The information below comes from the statement of deficiencies compiled by health inspectors and provided to AHCJ by the Centers for Medicare and Medicaid Services. It does not include the steps the hospital plans to take to fix the problem, known as a plan of correction. For that information, you should contact the hospital, your state health department or CMS. Accessing the document may require you to file a Freedom of Information Request. Information on doing so is available here.

JOHNS HOPKINS HOSPITAL, THE 600 NORTH WOLFE STREET BALTIMORE, MD 21287 July 1, 2019
VIOLATION: MEDICAL SCREENING EXAM Tag No: A2406
Based on a review of five open and 18 closed medical records, it was determined that one patient (P22) who was seen in the ED in June 2019, did not have a MSE sufficient to determine if P22 had an emergency medical condition.

P22 was a 50+ year old patient with a history of a psychiatric disorder who presented to the Emergency Department (ED) with thoughts self-harm and a stated plan. The ED physician determined that the patient needed to be moved to the Behavioral Health Unit (BHU), placed on 1:1 observation and was to have a psychiatric evaluation. Patient was given with the Columbia Suicide Severity Rating Scale and found to be at a high risk for self-harm.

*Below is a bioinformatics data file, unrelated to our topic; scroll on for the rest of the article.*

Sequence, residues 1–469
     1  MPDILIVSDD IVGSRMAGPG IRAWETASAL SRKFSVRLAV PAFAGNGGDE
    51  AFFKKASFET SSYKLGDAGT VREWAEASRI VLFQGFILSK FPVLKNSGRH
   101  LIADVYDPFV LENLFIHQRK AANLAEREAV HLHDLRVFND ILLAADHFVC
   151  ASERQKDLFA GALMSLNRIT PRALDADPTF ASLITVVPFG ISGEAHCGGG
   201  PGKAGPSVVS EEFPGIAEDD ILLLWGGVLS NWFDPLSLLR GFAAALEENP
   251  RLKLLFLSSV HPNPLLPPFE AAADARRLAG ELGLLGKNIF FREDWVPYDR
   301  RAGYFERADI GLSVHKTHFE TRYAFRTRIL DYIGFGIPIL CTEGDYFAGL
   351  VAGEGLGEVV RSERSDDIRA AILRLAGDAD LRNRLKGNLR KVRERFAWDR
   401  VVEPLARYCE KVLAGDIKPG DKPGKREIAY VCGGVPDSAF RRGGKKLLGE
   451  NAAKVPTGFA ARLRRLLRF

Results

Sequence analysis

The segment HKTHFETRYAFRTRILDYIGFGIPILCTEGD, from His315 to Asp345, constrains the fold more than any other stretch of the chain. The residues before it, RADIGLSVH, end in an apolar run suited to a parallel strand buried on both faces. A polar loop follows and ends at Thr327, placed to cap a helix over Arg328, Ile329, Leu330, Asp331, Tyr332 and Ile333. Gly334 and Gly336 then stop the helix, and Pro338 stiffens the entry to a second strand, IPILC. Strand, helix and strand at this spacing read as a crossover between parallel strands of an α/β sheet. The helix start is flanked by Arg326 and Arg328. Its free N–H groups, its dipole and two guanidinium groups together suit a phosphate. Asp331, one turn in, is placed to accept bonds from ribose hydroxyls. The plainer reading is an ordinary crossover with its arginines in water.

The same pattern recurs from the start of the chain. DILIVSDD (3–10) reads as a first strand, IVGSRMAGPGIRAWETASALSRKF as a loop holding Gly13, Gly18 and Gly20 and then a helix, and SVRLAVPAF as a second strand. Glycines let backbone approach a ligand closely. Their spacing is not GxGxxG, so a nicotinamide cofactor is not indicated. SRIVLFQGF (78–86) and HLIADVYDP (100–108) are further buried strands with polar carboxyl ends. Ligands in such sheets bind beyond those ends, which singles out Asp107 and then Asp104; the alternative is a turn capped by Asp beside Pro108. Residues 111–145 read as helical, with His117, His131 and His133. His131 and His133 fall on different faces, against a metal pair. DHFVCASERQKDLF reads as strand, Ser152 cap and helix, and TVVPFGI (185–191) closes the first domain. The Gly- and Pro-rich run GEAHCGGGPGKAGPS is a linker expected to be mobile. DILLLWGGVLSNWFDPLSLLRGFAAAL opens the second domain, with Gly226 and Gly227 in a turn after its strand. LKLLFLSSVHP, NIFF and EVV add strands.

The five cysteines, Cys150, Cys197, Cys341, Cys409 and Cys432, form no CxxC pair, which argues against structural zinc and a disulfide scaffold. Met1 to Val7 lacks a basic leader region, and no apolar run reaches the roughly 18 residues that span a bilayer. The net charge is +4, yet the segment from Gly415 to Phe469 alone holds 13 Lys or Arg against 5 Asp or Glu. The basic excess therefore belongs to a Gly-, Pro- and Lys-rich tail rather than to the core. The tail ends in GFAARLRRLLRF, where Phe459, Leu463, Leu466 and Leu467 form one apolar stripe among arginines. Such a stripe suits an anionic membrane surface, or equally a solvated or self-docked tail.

Over the next 12 hours, two nursing notes were found that stated "patient needs to be evaluated by behavioral health." One nursing note listed the following questions and answers:

1. Have you ever attempted suicide? "yes"
2. When was the last time? "today"
3. How was this attempted? "overdose"

P22 told the nurse and the ED physician that he/she had attempted to overdose on alcohol and drugs. No documentation was found to confirm that P22 was evaluated by a behavioral health provider at any time while in the ED.

One ED physician note written near the time of discharge stated "Patient no longer endorsing self-harm, stated this was in the context of being high." The alcohol testing ordered for P22 came back negative. However, no results were found for a urine drug test that had been ordered by the physician to confirm what, if any, drugs the patient may have been taking.

The patient was discharged home less than 24 hours after presenting to the ED and per the nursing note "given food, bus tokens and clothing and sent out ambulatory".